Phytoremediation takes advantage of plant species that have adaptations to neutralize the toxicity of heavy metals through a variety of means. One neutralization method used by plants is restricting heavy metals only to their roots by converting them to a non-toxic form that will not move to the rest of the plant. Additionally, some plants can trap metals in their cell wall to prevent these contaminants from affecting the health inside the cell. Finally, certain plants can detoxify metals within the cell by modifying their structure. When metals are moved above the root system, plants that are re­pulsive to herbivores should be selected to prevent the metals from entering the food chain. In any of these cases, metals are taken out of the soil and groundwater where they are stored in a form that should not harm the environment. Plant species need to be carefully selected for optimal growth in the region of interest, where they can often be grown alongside crops to increase the productivity of the agricultural region.

As a phytoremediation trial, two plant species, Pteris vit­tata and Sedum alfredii, were planted in southwestern China in an area contaminated with lead, cadmium and arsenic. Over the course of two years, the cultivation of these plants in the area led to a significant reduction of metal contam­ination. Therefore, using plants for bioremediation is both cost-effective and feasible in cleaning contaminated soils.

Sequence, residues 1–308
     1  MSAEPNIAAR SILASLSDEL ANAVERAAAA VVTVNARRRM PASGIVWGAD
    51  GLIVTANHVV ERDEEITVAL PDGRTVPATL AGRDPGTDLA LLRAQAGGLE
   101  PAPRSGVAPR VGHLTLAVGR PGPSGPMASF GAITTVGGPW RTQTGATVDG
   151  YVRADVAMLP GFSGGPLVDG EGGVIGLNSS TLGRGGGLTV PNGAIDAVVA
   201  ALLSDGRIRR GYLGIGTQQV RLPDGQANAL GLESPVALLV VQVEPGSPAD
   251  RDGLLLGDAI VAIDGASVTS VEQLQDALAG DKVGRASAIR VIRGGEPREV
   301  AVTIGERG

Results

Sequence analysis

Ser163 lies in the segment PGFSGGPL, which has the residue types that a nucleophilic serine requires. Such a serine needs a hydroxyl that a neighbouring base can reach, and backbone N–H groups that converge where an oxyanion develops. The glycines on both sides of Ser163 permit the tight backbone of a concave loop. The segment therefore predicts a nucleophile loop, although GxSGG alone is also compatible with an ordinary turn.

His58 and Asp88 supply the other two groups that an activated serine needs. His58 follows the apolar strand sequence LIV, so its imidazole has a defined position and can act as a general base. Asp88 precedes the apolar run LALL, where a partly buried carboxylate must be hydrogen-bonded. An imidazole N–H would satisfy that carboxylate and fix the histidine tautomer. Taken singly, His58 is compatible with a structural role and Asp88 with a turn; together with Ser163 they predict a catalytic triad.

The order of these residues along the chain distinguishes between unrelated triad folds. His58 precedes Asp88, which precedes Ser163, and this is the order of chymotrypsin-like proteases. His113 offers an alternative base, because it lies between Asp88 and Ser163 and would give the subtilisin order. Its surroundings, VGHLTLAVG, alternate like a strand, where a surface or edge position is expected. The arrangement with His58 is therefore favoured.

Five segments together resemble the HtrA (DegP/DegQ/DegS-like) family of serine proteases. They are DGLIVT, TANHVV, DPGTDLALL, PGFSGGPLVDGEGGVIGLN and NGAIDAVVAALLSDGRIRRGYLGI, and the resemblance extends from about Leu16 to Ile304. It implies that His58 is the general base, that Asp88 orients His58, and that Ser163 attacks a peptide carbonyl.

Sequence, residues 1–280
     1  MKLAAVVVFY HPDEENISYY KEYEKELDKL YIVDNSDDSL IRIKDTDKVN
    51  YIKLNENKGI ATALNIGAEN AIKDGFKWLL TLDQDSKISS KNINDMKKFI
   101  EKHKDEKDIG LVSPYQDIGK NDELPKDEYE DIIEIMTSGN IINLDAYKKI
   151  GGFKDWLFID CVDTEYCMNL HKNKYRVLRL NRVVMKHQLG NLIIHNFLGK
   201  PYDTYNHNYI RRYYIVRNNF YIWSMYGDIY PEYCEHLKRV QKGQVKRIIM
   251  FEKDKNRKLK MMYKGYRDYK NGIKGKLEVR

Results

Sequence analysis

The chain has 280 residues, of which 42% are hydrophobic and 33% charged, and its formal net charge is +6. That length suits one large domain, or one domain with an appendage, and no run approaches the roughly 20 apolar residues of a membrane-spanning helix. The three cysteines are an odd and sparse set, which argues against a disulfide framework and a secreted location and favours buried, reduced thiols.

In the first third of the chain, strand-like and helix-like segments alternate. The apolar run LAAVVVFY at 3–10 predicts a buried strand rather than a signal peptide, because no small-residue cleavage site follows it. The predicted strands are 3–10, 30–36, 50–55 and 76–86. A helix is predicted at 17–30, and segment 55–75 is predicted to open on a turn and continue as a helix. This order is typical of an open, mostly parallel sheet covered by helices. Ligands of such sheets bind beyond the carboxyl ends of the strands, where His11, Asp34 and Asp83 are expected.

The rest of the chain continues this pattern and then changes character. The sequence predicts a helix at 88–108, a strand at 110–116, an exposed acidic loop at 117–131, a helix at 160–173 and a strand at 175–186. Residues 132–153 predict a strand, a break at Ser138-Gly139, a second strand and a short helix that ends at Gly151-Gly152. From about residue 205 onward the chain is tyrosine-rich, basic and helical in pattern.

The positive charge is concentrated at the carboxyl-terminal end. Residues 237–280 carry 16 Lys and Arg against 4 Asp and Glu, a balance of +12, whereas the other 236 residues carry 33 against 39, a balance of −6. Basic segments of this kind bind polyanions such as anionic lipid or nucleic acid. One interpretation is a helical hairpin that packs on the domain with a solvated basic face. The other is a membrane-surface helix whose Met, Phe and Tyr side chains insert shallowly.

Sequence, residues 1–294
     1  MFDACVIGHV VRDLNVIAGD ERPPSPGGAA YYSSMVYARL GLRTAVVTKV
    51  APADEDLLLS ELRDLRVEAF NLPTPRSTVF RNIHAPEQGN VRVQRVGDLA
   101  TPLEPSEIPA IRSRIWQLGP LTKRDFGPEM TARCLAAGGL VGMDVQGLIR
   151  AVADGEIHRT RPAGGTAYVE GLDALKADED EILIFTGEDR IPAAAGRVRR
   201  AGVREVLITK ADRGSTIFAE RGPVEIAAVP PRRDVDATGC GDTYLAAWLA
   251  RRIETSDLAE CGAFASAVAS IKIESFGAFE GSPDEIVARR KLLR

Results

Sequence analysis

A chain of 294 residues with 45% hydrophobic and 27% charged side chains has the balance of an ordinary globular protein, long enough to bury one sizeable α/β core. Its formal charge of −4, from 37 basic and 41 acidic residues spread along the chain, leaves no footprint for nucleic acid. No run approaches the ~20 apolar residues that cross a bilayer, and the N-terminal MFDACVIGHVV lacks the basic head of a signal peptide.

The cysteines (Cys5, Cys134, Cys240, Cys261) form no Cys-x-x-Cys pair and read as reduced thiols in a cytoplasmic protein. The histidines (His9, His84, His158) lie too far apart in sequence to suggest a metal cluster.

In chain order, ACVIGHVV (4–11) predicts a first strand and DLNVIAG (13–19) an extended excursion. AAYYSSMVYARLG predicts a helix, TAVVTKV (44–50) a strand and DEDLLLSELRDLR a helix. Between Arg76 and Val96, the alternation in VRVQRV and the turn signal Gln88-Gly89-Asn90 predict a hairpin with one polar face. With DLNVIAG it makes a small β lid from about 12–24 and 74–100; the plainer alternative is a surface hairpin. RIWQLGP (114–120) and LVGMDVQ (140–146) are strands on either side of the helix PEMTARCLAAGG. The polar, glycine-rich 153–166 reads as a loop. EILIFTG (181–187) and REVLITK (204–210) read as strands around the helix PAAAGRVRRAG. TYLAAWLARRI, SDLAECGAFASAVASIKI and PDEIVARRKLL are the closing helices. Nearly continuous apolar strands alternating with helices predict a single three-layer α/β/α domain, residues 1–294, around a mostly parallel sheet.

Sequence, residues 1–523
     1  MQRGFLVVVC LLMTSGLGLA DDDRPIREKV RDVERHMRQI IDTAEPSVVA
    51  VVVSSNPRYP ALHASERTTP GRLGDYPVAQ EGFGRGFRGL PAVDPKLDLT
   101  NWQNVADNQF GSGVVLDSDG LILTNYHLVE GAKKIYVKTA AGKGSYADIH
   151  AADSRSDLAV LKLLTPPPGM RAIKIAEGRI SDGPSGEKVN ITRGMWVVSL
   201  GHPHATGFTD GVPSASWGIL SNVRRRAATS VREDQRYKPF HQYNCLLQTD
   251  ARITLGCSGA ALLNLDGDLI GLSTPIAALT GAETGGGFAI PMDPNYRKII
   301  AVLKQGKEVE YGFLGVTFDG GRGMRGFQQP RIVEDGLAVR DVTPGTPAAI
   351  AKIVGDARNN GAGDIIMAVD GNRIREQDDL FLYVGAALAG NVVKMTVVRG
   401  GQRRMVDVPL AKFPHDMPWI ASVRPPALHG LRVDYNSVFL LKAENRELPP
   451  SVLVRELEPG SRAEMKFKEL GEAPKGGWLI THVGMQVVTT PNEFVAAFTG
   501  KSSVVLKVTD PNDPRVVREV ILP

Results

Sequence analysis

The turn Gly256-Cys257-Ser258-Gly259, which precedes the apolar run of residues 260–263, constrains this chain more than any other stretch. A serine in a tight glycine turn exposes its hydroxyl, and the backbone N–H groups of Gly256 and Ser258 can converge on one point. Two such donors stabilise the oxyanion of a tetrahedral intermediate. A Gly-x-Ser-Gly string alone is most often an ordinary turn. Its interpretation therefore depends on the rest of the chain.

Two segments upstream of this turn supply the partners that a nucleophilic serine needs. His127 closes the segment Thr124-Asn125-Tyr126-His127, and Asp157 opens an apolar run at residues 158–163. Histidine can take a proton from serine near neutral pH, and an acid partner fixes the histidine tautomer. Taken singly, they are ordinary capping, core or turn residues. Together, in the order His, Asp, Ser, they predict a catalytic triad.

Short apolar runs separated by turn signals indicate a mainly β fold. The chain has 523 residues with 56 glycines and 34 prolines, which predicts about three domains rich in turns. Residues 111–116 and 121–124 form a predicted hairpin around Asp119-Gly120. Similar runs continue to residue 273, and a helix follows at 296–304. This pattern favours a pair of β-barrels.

Microbial bioremediation can also be performed in soils contaminated by heavy metals. Some bacteria can release small molecules called siderophores which bind heavy metals and change them into a form that is not harmful to the envi­ronment. Additionally, some bacteria can take up and metab­olize heavy metals into a non-toxic form. Microbial bioreme­diation and phytoremediation can be used in conjunction or to replace one another where the environment is more suited to a particular technique.

Overall, bioremediation is a slow but growing solution to help eliminate pollution from contaminated soils and ground­water. It takes advantage of the ability of plants and microbes to accumulate or break down contaminants to eliminate pol­lutants. Ongoing research into improving growth, survival, and ability to break down contaminants will help to improve the practicality of bioremediation in the field. Understanding these organisms and harnessing their potential to reduce pol­lutants can help to create a cleaner and greener world.


1. Barbato, R. A. & Mike Reynolds, C. 22 – Bioremediation of contaminated soils. in Principles and
Applications of Soil Microbiology (Third Edition) (eds. Gentry, T. J., Fuhrmann, J. J. & Zuberer, D. A.)
607–631 (Elsevier, 2021). doi:10.1016/B978-0-12-820202-9.00022-8.
2. Hou, D. et al. Metal contamination and bioremediation of agricultural soils for food safety and
sustainability. Nat. Rev. Earth Environ. 1, 366–381 (2020).
3. Chandran, H., Meena, M. & Sharma, K. Microbial Biodiversity and Bioremediation Assessment
Through Omics Approaches. Front. Environ. Chem. 1, (2020).
4. Office of Land and Emergency Management. Community Guide to Bioremediation. (2021).